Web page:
For 2007, Slark’s looking forward to more club displays (he’d like to see the Expo area evolve into a club village of sorts) and rides. “I like Motorcycle Classics’ concept of a ride, because there are some good roads here and I think it’s good for the community,” Slark says.
The museum’s also working on its celebrity lineup for 2007, and for his money Slark says he’d like to get dirt and road bike champion Dick Mann on board. “He’s one of my all-time heroes, everyone loves him, and he’s always ridden alone, kind of a David and Goliath figure. I think it’s just important to get motorcycle celebrities here on an informal basis and make them approachable.” Amen to that, and judging by the crowd’s pleasure at meeting Surtees this year, Slark’s absolutely right.
In fact, just about everything at the Barber Vintage Festival is right: A stunning museum, vintage racing, classic bike shows, motorcycle celebrities and scenic countryside. And, most importantly, it’s all been created by passion. “We love doing this,” Slark says, “because it’s our passion.”
After 2006’s showing, the festival has become an event not to be missed. Motorcycle Classics will be there again this year for what’s sure to be another bang-up weekend of motorcycling heaven, so make plans now to join us at the 3rd Annual Barber Vintage Festival, Oct. 19-21, 2007. MC
Diggin' the dirt at Barber
Motorcyclists have a new reason to head south in the fall, thanks to the Barber Vintage Festival.
New to the program for 2006 was a full complement of dirt events, including cross-country, observed trials and the ever-popular vintage motocross.
If you have never visited the Barber Museum, it would be difficult to appreciate the idea of turning over their pristinely manicured grounds to a boat-load of dirt bikers: It would be like handing over the keys to a golf course for the weekend to a herd of hungry knobbies. Not likely to happen many places on the planet other than the Barber Museum. Even though they have invested tens of millions into their state-of-the-art facility, the core group at Barber remains motorcyclists first and administrators second. Too bad the whole world doesn’t run like that.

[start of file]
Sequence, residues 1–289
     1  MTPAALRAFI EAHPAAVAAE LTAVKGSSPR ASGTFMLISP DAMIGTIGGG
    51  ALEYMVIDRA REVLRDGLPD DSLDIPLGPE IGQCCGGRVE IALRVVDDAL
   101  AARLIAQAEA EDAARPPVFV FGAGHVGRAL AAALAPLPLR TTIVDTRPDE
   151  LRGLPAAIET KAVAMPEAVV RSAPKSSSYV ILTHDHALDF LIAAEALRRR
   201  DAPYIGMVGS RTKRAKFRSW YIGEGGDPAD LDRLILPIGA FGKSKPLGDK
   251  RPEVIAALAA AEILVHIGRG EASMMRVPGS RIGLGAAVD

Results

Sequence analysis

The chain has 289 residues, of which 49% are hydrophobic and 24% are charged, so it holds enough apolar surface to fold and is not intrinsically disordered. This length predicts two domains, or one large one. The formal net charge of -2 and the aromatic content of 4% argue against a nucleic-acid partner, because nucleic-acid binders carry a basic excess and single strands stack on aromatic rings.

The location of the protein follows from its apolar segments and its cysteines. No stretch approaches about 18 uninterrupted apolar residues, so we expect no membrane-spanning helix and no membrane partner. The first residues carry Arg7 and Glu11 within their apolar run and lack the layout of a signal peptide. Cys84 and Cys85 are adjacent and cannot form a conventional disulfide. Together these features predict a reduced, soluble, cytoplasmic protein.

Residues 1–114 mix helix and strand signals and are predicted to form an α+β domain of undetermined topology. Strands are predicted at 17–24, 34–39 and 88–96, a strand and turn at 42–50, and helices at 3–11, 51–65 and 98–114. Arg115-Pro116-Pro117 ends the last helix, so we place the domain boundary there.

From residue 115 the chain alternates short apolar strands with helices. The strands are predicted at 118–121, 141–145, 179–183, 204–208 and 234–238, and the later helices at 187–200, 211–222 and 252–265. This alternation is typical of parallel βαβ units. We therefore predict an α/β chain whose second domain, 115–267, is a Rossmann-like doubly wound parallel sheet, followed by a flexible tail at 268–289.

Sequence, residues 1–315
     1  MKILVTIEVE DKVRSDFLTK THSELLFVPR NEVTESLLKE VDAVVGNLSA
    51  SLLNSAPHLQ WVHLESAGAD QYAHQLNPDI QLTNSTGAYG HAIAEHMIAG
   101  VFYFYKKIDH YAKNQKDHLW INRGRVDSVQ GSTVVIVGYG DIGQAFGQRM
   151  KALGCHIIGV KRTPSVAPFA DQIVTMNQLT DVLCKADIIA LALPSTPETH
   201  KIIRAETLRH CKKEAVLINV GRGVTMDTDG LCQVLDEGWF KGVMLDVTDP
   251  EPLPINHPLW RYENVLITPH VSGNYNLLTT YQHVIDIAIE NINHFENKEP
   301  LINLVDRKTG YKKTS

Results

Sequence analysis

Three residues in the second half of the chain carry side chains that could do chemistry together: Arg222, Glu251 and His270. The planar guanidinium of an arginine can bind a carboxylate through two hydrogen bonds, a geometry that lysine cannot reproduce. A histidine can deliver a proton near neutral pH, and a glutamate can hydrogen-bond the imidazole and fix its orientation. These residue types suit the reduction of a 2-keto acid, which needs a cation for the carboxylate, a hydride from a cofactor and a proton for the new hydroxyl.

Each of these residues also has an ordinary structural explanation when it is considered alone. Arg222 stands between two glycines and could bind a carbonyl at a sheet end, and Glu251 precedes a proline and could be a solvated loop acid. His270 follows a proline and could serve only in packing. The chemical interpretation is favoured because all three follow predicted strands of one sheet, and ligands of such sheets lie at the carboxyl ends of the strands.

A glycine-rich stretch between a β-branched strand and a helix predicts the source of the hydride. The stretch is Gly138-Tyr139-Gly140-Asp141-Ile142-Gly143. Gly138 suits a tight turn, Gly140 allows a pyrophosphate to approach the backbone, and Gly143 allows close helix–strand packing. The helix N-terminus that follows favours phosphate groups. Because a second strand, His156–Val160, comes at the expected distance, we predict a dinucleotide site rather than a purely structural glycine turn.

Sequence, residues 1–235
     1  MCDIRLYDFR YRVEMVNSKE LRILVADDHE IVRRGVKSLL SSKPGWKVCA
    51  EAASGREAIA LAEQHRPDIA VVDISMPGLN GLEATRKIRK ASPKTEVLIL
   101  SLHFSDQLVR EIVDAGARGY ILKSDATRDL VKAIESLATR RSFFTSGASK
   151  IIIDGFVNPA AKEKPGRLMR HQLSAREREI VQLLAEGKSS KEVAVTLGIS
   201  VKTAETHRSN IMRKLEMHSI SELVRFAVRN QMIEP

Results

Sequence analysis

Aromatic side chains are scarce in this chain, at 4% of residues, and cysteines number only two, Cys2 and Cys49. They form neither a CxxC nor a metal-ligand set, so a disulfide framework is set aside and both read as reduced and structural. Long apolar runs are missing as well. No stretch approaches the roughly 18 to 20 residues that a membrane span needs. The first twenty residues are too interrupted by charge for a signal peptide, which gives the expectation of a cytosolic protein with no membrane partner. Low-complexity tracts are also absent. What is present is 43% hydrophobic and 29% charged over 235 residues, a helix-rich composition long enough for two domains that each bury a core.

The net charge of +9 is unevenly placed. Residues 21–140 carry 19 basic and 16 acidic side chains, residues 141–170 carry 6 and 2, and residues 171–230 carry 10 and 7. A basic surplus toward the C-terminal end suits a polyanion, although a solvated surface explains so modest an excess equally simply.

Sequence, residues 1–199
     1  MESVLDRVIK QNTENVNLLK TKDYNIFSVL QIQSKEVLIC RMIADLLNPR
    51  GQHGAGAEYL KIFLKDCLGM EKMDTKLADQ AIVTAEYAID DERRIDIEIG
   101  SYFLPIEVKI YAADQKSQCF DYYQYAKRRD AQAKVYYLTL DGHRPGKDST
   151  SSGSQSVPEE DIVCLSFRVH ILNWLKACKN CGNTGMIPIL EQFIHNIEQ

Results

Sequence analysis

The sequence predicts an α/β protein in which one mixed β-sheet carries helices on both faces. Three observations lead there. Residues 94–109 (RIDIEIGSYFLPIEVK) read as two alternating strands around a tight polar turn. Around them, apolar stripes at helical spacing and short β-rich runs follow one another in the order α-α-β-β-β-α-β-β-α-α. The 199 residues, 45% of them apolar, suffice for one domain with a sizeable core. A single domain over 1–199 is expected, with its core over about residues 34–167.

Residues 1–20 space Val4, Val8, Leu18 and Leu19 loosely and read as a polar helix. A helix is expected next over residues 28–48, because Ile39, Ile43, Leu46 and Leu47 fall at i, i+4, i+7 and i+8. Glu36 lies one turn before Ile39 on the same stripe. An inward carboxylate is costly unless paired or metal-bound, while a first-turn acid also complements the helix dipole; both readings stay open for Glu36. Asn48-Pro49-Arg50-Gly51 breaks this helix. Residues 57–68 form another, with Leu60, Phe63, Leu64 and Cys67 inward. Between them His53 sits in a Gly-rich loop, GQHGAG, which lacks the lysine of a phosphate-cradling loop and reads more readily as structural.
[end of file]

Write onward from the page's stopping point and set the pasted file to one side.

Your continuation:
The Mother Nature factor is always a consideration in scheduling events during the fall, and Alabama is no exception. The traditionally dry end of October weather decided to turn untraditional on Friday and again on Saturday night prior to the motocross, turning the grass-covered course into the world’s largest green and brown “slip-n-slide.” The early morning practice sessions saw more riders practicing their crashing and restarting skills than developing racing lines around the one-mile circuit. Although the rain never made an encore appearance, the damage was done for the racers, covering their prized machines in a coat of brown goo. Czs, Huskys, Maicos, Hondas and Yamahas became indistinguishable from each other, covered in mud and freshly un-rooted grass. The riders were no cleaner.
While the conditions may have proved to be somewhat grueling for the competitors, it proved to be highly entertaining for the hillside full of spectators. Mud-induced front-end wash outs, inadvertent donuts and group ground-hugs were the order of the day. The assembled crowd ooed, aahed and gasped with every racer’s folly, thoroughly enjoying the spectacle as if it was a clumsy ballet performed on a grease covered stage.
Although this was the first outing for motocross at the festival, the folks at Barber have a vision for the future that should make this a permanent fixture in the annual calendar of “must do” events for anyone east of the Mississippi and a “you gotta go at least once” event for anyone from the west. The management at Barber has taken a measured approach to growing the event with experiments like adding the dirt disciplines. They plan to refine and improve the overall program each year, until they find the magic balance of activity and quality.
Given the increased costs in travel, the concept of multifaceted events not only makes good economic sense but creates more of a family reunion atmosphere than the average race meeting. Camaraderie and personal connections are a big part of the vintage racing experience, and the Barber Vintage Festival caters to that spirit. — Ricky Doughty